Home > Hardware-Architecture, Programming > Run CUDA C program with Visual Studio 2008

Run CUDA C program with Visual Studio 2008

CUDA is NVIDIA’s parallel computing architecture. It enables dramatic increases in computing performance by harnessing the power of the GPU.

With millions of CUDA-enabled GPUs sold to date, software developers, scientists and researchers are finding broad-ranging uses for CUDA, including image and video processing, computational biology and chemistry, fluid dynamics simulation, CT image reconstruction, seismic analysis, ray tracing, and much more. [1]

To run CUDA program, you need to make sure that an Nvidia GPU has been attached to your computer. It’s GeForce 9800 GTX+ in my case. The CUDA Toolkit, which can be found here, should also be installed (all CUDA Toolkit, developer driver and GPU Computing SDK).

It’s time to create a new CUDA project, click File –>New –>Project like this:

Add a CUDA rule then:

Goto Tools –> Options –> Projects and Solutions –> VC++ Directories and make the following config:

Open Project –> Properties –> Configuration Properties –> Linker, add things like this:

Now everything is done. You just create a CUDA file(.cu) with the following content[2]:

#include <stdlib.h>

#include <stdio.h>

int main(void)

{

int num_elements = 16;

int num_bytes = num_elements * sizeof(int);

int *device_array = 0;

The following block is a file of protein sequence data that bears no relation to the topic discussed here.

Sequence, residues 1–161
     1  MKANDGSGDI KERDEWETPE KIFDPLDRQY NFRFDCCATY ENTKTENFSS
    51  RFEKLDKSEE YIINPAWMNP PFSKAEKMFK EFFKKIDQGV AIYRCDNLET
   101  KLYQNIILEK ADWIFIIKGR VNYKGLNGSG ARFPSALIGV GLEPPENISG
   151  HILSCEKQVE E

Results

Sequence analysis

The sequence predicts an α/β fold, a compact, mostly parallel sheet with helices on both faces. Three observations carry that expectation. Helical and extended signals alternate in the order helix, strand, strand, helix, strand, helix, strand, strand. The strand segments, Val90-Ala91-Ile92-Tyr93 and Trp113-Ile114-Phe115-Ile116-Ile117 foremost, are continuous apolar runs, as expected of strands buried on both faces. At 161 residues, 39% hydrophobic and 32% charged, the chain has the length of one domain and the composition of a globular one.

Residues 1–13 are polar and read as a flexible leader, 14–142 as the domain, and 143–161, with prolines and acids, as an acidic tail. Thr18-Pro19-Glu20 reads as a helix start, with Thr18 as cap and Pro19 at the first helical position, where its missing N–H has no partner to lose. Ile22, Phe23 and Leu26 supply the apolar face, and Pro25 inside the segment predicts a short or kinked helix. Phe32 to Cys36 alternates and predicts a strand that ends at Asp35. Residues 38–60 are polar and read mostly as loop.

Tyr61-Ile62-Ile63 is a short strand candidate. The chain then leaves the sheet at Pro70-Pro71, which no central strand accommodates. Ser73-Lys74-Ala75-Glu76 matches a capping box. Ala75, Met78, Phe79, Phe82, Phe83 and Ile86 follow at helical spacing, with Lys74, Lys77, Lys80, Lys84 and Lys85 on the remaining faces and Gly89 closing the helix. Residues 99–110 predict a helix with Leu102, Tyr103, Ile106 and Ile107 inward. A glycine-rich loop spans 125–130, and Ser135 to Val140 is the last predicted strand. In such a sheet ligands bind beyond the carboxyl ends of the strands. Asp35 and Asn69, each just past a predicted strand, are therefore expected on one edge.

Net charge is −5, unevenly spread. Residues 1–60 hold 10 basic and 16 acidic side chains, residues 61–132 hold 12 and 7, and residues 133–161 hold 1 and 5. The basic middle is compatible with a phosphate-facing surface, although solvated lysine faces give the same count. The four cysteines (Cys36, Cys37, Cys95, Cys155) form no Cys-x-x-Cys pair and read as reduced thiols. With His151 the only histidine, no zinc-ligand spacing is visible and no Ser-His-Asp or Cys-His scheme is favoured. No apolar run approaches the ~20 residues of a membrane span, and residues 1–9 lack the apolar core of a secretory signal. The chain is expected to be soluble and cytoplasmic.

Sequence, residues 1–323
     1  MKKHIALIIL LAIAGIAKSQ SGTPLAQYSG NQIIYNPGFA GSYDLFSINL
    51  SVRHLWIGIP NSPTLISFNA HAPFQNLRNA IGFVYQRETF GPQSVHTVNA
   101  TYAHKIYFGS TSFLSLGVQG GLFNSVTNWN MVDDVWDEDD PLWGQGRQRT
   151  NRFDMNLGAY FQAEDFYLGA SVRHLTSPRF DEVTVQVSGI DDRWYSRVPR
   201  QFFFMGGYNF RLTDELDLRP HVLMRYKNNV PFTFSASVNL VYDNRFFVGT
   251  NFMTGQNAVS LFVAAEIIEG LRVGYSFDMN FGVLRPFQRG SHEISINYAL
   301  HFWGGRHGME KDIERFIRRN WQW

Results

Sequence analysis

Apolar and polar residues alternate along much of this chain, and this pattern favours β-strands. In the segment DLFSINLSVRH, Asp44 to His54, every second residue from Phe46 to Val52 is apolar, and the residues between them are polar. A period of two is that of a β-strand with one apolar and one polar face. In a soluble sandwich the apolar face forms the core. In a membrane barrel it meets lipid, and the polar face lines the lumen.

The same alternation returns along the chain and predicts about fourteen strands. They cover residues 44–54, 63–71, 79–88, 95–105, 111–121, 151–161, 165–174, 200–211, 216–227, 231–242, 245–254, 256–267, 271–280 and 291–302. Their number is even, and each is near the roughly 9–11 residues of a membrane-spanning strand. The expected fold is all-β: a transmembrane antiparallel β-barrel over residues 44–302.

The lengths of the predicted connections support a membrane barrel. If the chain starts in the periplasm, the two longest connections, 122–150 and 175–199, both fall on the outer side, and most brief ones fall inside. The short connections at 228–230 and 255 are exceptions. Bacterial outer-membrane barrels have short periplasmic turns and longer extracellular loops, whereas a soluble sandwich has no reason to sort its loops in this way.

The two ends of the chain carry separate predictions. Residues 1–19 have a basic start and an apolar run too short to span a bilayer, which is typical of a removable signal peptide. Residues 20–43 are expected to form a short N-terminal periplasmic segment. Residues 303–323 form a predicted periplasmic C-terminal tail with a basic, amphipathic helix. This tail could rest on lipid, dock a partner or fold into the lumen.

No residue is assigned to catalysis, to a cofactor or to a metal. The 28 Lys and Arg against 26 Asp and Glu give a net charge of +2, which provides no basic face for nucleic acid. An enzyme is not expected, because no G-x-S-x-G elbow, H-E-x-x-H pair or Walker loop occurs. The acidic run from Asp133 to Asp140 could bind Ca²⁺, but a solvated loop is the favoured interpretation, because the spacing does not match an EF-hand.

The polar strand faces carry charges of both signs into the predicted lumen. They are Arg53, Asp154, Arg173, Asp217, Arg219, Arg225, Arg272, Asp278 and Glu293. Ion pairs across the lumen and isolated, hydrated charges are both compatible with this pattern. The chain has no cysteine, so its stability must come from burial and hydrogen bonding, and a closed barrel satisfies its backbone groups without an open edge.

int *host_array = 0;

// malloc host memory

host_array = (int*)malloc(num_bytes);

// cudaMalloc device memory

cudaMalloc((void**)&device_array, num_bytes);

// zero out the device array with cudaMemset

cudaMemset(device_array, 0, num_bytes);

// copy the contents of the device array to the host

cudaMemcpy(host_array, device_array, num_bytes, cudaMemcpyDeviceToHost);

// print out the result element by element

for(int i = 0; i < num_elements; ++i)

printf(“%d “, host_array[i]);

// use free to deallocate the host array

free(host_array);

// use cudaFree to deallocate the device array

cudaFree(device_array);

return 0;

}

Build and run the program, you’ll get this result:

0 0 0 0 0 0 0 0 0 0 0 0 0 0 0 0

References:

[1] http://developer.nvidia.com/what-cuda

[2] http://code.google.com/p/stanford-cs193g-sp2010/wiki/TutorialAHeterogeneousProgrammingModel

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